Israel and the Catechism

Bad Godesberg Fasanenstraße 30.jpg
Former site of Israeli Embassy in Bad Godesberg (https://creativecommons.org/licenses/by-sa/4.0)

For me, it is puzzling listening to all these complaints by Dirk Moses and others (Dialectic of Vergangenheitsbewältigung – The New Fascism Syllabus) that Germany has completely bought into a pro-Israeli position – because of the Holocaust, penance, the desire for redemption, or whatever. Of course, defending Israel is indeed part of German “Staatsräson”. No doubt the parliamentary anti-BDS resolutions at regional and central level can be seen as evidence that this defence takes on neurotic, even anti-democratic and censorial forms. The campaign against Achille Mbembe would be another example. But those who object to the BDS resolutions seem little interested in the uncomfortable detail that the BDS has goals which, if followed, would see Israel wiped off the face of the earth.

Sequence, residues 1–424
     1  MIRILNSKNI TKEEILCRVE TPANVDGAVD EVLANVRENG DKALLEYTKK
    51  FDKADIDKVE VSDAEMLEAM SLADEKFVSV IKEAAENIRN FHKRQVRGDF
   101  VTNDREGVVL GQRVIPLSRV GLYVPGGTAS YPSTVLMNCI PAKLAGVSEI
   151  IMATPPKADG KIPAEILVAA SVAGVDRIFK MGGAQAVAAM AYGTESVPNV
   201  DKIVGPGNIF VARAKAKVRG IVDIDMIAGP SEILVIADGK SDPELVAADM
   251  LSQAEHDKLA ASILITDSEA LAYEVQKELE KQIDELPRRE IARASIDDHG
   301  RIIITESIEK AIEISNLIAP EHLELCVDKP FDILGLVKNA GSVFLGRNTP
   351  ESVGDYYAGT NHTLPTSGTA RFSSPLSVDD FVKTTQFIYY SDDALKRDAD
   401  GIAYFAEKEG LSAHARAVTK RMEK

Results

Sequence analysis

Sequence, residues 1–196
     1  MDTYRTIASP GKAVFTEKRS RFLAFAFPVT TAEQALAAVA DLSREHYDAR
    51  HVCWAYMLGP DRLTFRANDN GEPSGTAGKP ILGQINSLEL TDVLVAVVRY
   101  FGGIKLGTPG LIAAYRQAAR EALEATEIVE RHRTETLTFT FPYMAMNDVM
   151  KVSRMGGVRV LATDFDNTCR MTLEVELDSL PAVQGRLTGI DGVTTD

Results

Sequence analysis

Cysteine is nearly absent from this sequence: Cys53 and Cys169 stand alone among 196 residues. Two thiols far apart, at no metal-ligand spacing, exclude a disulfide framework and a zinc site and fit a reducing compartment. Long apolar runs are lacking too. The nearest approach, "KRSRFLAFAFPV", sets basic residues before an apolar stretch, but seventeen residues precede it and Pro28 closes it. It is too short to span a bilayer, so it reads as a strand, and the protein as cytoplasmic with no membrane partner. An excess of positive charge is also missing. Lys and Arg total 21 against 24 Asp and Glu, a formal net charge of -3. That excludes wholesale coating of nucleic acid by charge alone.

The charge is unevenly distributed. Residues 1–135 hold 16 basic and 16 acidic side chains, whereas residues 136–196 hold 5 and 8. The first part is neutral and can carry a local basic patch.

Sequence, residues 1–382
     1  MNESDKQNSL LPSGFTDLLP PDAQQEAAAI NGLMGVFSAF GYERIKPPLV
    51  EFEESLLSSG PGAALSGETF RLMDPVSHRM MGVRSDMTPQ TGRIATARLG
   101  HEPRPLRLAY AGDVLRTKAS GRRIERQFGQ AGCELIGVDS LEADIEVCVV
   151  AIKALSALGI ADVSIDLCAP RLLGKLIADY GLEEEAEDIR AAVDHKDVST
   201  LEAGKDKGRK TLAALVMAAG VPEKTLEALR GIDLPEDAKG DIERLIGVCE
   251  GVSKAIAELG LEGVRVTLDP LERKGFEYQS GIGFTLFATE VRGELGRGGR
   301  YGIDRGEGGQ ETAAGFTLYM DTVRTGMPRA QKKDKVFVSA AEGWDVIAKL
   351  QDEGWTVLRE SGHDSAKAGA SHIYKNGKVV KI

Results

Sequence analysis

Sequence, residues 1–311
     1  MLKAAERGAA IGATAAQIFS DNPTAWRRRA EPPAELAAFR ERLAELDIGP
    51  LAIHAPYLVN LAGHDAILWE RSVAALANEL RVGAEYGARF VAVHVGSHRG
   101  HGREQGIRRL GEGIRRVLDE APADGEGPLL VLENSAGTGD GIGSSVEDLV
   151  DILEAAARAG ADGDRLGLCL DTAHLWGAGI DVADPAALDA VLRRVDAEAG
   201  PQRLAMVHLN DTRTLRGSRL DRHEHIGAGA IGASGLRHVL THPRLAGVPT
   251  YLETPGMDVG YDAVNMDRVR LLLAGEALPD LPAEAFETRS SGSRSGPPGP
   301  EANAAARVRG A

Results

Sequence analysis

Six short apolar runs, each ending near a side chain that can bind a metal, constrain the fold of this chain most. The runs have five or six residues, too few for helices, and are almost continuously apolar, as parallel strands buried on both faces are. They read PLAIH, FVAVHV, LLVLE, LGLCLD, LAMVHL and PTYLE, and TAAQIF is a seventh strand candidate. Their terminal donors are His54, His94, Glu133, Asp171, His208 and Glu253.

As for Germany being uncritical of Israel, this is not true. In September 2019, the government published a 16-page response to a “Kleine Anfrage” by the Greens in which it expressed concern that the two-state solution was becoming more and more unrealistic. The report was critical of Israel’s settlement policies in the West Bank, its annexation plans, its stifling of Palestinian economic development, the limiting of access for Palestinians to water supplies and pastureland, and other factors (https://dserver.bundestag.de/btd/19/127/1912718.pdf). Sure, the government holds back sometimes. It often leaves the criticism to its UN representatives. The UN Human Rights Council regularly passes resolutions condemning Israel, as it did for instance when calling for a weapons’ embargo Auch Deutschland verurteilt Israel | Jüdische Allgemeine (juedische-allgemeine.de). Germany supported the resolution. It’s not the first time it has supported Israel-critical resolutions, though it has also on occasion abstained. The Foreign Office put up on its website a statement to the effect that the German government shared the view that criticism of Israel in the UN was often inappropriately one-sided, but that didn’t stop Germany supporting Israel-critical resolutions. In November 2018, the UN passed nine Israel-critical resolutions. Germany supported eight of them (Neun Verurteilungen an einem Tag: So unfair behandeln die UN Israel – Politik Ausland – Bild.de). In 2019, the Simon Wiesenthal Centre cited Christoph Heusgen, German ambassador to the UN, as one of the ten worst antisemitic incidents of the year.